In the past eighteen months, I’ve moved to England and turned forty. Oh, and we have a pandemic going on and we’re currently white- knuckling through election week and starting lockdown 2.0.
At this point, standard 2020.
I’ve had this in my drafts folder for a long time and it seems appropriate for right now.
We’re living in a more rural part of England, both Gingers go to school in a nearby town. Fortunately, school is still happening so I continue to drive the route for school drop off that I have for over a year (not counting the seven month pause) now.
After everyone was dropped off, the way I drove out of town leads me over a bridge – somewhat ominously called a weak bridge. This is not a name you usually want assigned to a piece of infrastructure you use daily, particularly one that was built before the American Revolution.
Last year, once I’d managed the challenge of being on the wrong (to me) side of both car and road, I started to gain a mastery of roundabouts. Fun fact- if you were awful at double Dutch jump rope as a child, roundabouts are probably not going to be your favorite traffic device. With all of that reasonably under control, I found myself with time to think on my daily drive out of town. As I got to thinking I realized the weak bridge was a perfect metaphor for certain seasons of life..
Vehicles over a certain weight aren’t allowed on the weak bridge and there are bollards to ensure that more than what the bridge can handle does not get through.
This seemed like the perfect metaphor for turning forty at the time and feels even more applicable now.
Even before factoring in the upheaval caused by current events it had been an interesting year or so. At times it felt like the universe was trying to hammer home the gravity of the impending milestone birthday by lobbing life events at a rate that was almost darkly comedic at times. In my close circle of friends, most of us were turning forty within the same nine months or so. As a group, we experienced so much change, loss, health issues, and major life events in six months that if we’d submitted it to the writers of This is Us it would have been kicked back for being a bit much.
It was a natural point in my life to take stock, do some evaluating, make necessary changes, and stop allowing anything that is not good for my infrastructure through.
Then the pandemic happened.
Its been a situation without precedent in most of our lifetimes. Quarantine, worry, illness, stress, financial insecurity, have all left us in an emotionally weakened state. Our values have been tested as well as our resilience and many of us have had to inspect our views to make sure we are creating a world that provides equality, safety, and fairness for all. Now, we are anxiously watching election results and hoping that decency and kindness will win over the unrelenting chaos and calculated cruelty of the last four years.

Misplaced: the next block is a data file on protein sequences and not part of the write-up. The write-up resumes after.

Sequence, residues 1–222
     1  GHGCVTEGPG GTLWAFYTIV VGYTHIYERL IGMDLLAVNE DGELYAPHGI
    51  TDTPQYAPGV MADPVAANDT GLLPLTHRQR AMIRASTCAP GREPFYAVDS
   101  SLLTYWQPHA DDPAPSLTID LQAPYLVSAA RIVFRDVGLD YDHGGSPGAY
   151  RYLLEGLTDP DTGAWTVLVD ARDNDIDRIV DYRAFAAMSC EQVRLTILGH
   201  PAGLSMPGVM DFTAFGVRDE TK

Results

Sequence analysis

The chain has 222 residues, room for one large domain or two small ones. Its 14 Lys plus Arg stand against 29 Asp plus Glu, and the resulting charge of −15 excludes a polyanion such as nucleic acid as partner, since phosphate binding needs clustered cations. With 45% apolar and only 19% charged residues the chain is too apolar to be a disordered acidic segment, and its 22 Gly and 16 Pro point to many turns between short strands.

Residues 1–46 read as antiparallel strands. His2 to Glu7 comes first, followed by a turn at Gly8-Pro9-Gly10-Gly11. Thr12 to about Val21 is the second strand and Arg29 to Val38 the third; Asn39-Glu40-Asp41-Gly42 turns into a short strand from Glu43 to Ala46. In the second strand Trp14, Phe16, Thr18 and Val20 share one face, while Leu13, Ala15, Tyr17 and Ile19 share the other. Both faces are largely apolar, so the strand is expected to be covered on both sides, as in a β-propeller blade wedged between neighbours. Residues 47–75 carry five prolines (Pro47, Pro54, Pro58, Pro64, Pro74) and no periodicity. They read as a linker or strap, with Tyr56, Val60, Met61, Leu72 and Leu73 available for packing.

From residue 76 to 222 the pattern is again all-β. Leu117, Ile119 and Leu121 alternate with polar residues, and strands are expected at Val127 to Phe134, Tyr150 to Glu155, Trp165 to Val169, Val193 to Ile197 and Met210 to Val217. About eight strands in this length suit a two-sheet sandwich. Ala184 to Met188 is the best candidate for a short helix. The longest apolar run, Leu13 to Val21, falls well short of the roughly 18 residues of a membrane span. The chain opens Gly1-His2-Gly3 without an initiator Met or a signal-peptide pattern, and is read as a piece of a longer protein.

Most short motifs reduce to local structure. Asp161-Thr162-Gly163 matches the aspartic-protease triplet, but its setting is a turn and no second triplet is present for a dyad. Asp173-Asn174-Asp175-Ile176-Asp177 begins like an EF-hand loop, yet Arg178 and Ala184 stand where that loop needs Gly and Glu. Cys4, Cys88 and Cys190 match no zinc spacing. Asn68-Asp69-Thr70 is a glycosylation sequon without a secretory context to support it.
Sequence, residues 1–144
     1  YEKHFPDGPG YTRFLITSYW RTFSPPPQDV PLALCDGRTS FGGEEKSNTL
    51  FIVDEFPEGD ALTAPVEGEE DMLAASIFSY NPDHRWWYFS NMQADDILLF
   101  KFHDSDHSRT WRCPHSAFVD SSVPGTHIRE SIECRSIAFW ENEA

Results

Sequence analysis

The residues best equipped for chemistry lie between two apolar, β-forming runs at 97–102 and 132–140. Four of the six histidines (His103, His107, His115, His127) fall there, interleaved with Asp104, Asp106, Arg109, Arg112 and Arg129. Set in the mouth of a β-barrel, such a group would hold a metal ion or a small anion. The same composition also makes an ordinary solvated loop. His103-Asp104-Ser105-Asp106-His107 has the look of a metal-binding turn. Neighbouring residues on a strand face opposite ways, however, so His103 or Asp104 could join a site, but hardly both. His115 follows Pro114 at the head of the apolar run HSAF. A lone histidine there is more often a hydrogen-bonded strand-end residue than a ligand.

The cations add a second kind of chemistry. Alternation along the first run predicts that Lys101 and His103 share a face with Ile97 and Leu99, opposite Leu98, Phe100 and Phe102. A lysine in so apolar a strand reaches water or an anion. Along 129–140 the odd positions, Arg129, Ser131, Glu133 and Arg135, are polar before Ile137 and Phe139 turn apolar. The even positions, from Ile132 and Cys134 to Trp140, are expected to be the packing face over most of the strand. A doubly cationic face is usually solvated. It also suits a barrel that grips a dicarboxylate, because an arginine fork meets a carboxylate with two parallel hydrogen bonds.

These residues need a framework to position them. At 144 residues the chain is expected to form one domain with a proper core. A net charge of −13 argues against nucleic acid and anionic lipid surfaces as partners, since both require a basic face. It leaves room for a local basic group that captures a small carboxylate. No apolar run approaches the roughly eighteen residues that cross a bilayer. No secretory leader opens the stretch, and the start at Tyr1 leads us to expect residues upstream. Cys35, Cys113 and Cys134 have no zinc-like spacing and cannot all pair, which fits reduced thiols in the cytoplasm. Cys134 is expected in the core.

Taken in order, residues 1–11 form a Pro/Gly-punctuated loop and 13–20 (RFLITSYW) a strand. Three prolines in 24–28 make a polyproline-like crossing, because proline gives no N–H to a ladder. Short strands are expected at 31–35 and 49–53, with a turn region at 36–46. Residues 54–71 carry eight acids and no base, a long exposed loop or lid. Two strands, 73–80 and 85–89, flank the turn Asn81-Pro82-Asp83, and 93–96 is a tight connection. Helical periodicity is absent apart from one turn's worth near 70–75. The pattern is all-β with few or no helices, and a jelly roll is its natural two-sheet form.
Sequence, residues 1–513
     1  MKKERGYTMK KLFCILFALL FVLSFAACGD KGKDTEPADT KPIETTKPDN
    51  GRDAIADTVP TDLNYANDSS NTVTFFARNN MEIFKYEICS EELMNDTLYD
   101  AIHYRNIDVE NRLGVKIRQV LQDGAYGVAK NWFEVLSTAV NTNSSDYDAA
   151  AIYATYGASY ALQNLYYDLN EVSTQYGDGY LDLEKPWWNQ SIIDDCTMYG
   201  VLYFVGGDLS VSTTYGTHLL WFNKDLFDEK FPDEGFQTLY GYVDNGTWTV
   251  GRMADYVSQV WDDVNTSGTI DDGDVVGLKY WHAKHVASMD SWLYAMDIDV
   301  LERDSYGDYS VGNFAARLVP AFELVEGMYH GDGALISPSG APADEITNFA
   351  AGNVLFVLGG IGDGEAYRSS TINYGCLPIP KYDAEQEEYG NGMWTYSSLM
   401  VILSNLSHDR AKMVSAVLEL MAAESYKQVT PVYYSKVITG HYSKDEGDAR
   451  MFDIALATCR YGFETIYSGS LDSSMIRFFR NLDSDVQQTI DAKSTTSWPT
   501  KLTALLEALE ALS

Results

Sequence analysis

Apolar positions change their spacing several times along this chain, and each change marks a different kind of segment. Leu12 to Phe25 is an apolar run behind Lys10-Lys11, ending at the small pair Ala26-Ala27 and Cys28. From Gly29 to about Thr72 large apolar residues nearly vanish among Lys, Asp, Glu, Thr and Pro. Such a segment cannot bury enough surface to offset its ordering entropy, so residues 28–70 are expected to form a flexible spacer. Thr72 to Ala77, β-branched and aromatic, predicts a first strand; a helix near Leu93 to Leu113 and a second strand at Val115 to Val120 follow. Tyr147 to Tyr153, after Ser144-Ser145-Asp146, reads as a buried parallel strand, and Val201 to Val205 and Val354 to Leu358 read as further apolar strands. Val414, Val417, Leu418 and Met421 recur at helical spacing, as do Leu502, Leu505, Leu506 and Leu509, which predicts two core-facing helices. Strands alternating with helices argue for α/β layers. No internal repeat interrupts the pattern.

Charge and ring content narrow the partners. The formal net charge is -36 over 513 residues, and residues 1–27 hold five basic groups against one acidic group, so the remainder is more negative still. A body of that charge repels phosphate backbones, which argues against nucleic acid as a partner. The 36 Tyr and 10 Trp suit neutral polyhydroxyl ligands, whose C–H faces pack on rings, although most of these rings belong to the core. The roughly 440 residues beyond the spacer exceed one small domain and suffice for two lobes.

It has been a time of trying to juggle so many responsibilities that cannot be dropped and constantly trying to figure out what would bounce and what would shatter if dropped. Quarantine meant that we were isolated from so many of those we would turn to for support. Many have endured illness and loss without being able to say goodbye or to grieve with and hug those left behind.
Yet, we STILL have so much that still has to happen on a day-to-day basis. That will not change as things start to slowly reopen and hopefully inch towards yet another new normal. Everyone will come out of this with varying degrees of structural damage.
We are all weak bridges right now.
We all need to take more care to insure we can get let through what must get through and we put up our bollards to stop what is trivial and what we cannot bear right now. Our tolerances will vary in what we can handle as we go forward.
Everyone has been shaken, but some were closer to the epicenter than others. Those of us that are in better condition may have to take on some “traffic” for others so they can remain standing.
As for me, I’ll keep thinking of the signs I saw every day for a while -Temporary Road Works. The weak bridge was not weak forever. The crew worked on it to shore up the worn out arches and reinforce the foundation. One day the bollards came out (much to the relief of my poor car, which has more than one scratch due to my misjudging where they are) and the bridge returned to doing it’s job as normal.
We won’t have to have our bollards up forever either. Things will improve, we will learn how to navigate around the permanent changes in our landscape. It will become clearer what responsibilities can be set down until restrictions are lifted to the point we can share them with others again. In the meantime, bollards will stay up, we will all still be able to do our most important jobs. We will get where we need to be, it just might take a little longer than before.
Sometimes you have to turn centuries old masonry for a good metaphor about the current state of the world. Who knew?